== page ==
Between November of last year and June of this one, Switchfoot's Jon Foreman has released four season-themed EPs, titled Fall, Winter, Spring, and Summer, respectively. While Switchfoot is known for their more sonic-fused, guitar-packed sound, these solo EPs showcased a softer, more organic side to Jon Foreman, not entirely unlike the earlier days of the band. Call it stripped-down acoustic, call it folk, call it Americana… the undeniable fact was that these efforts were a breath of fresh air, and deserving of all the praise they received. (For full reviews of all four, check out Fall/Winter and Spring/Summer)
Now, just under a year after releasing the first of the series, we are treated to a mostly unnecessary "fan favorites" album (to replace the two EP sets at retail), appropriately titled Limbs and Branches. Foreman allowed listeners to pick their favorites, and then he spruced up the list to make it more concise and balanced (In its final form, the disc includes two songs each from Fall, Spring, and Winter, and four from Summer). The real draw for this disc's target audience, though, will be the two new tracks included, "Broken from the Start" and "Over the River."
Limbs and Branches serves its purpose well. It showcases some of the finest that the four EPs had to offer, with little room for fault. Sure, it can always be said "Well, why wasn't this one included?" or "How did that one make the cut, and this one did not?" But when it comes down to it, this is essentially a fan favorite's record, so a margin for error is minimized. "Your Love Is Strong" wisely begins the project, and all of the essential bases are covered from there ("Instead of a Show," "Learning How to Die," "A Mirror Is Harder to Hold," etc).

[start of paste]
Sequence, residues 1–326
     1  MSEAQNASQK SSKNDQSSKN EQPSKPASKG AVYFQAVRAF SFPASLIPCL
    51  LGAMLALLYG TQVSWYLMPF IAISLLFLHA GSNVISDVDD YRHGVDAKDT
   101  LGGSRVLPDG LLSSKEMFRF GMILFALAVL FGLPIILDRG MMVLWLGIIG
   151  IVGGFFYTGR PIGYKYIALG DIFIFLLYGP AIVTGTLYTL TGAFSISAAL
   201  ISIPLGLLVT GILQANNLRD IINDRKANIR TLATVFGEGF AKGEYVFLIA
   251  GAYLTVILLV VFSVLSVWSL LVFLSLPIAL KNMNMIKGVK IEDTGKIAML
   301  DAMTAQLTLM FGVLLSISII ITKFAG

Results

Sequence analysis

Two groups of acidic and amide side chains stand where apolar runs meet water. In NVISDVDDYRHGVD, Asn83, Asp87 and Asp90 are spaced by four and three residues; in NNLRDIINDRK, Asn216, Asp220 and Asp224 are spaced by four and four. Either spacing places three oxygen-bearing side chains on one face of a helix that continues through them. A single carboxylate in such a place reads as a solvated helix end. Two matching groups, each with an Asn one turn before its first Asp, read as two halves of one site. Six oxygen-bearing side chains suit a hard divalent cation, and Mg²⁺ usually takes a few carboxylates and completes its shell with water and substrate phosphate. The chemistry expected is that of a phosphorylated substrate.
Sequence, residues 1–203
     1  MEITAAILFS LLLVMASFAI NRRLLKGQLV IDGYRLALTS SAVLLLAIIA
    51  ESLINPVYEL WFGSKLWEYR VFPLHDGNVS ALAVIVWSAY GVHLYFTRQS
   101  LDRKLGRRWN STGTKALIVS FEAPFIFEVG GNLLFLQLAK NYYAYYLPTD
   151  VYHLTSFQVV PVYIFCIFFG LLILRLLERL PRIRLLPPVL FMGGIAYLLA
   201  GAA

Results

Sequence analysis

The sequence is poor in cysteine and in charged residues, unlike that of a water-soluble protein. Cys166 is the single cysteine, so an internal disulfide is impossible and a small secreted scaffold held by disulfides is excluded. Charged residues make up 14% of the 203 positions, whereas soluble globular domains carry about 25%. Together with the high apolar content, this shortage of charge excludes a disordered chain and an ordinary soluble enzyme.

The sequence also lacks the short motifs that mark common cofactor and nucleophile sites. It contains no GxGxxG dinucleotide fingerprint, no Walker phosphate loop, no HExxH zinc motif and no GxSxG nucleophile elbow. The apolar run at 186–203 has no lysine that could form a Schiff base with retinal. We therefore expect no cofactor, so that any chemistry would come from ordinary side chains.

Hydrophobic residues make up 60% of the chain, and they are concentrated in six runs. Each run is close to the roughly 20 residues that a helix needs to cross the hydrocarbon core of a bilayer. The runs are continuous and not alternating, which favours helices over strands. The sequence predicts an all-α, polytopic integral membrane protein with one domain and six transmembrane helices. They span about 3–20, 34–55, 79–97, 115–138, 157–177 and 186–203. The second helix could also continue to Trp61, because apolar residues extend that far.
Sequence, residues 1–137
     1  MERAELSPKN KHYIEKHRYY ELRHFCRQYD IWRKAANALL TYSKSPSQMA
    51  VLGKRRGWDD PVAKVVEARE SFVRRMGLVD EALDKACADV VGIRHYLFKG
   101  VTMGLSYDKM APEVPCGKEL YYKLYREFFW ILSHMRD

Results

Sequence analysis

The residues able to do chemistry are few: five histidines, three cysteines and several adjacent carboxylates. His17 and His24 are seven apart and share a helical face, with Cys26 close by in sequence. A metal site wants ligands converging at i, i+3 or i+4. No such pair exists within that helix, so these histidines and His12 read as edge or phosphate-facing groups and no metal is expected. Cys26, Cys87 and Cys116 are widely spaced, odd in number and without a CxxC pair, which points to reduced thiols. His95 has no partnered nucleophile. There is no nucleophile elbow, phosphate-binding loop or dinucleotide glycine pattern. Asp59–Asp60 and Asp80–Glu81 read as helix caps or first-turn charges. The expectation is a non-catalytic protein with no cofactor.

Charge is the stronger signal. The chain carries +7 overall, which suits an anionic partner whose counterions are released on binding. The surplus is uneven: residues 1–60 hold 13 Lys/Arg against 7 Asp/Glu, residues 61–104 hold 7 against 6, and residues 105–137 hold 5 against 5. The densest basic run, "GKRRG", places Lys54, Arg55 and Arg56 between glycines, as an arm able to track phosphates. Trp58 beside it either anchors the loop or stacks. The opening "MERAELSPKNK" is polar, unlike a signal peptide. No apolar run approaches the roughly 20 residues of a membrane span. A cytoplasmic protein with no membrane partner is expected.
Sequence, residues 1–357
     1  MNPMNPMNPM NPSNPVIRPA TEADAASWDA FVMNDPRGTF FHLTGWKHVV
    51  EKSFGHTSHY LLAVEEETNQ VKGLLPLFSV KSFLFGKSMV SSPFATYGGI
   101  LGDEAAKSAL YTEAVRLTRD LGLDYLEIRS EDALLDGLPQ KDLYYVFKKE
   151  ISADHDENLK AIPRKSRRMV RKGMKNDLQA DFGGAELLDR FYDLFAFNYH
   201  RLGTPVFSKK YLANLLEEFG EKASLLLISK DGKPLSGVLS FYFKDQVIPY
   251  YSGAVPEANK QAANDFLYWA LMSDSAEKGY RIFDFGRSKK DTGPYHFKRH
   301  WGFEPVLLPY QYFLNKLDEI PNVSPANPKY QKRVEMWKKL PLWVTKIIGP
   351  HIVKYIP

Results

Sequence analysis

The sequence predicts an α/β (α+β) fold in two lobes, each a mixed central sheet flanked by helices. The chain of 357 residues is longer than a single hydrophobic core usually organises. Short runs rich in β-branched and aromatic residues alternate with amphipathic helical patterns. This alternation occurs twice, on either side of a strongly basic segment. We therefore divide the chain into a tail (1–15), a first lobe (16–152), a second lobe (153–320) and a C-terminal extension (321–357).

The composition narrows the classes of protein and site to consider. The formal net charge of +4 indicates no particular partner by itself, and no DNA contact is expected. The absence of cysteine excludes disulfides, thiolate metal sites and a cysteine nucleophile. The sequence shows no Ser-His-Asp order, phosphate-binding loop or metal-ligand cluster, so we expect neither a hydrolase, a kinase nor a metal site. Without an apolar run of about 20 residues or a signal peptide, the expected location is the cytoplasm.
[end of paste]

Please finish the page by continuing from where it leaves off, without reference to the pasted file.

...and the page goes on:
The two new tracks included are nice complements to the rest of the album, but arguably do not stand on their own. In other words, Foreman fans that buy Limbs and Branches simply for these new recordings probably will not be disappointed, but neither will they be exceptionally impressed. It, perhaps, lends itself the fact that these new tracks have no encompassing idea in which to wrap themselves. There is no central idea or mood, a quality from which the rest of these recordings have benefited. Still, with repeated listens, their appeal grows infinitely, especially the album closer, "Over the River."
When it is all said and done, even though this is a nice, concise overview of exceptional music released over the last eleven months, you would still be much better off just picking up all four EPs and calling it a day. Limbs and Branches accomplishes its purpose and holds the distinction of being one of the finer, most complete-sounding compilations to be released this year, but it still just cannot replace the real thing. Die hards will want the new songs, but for all others, stick with the four seasons.- Review date: 10/26/08, written by Josh Taylor
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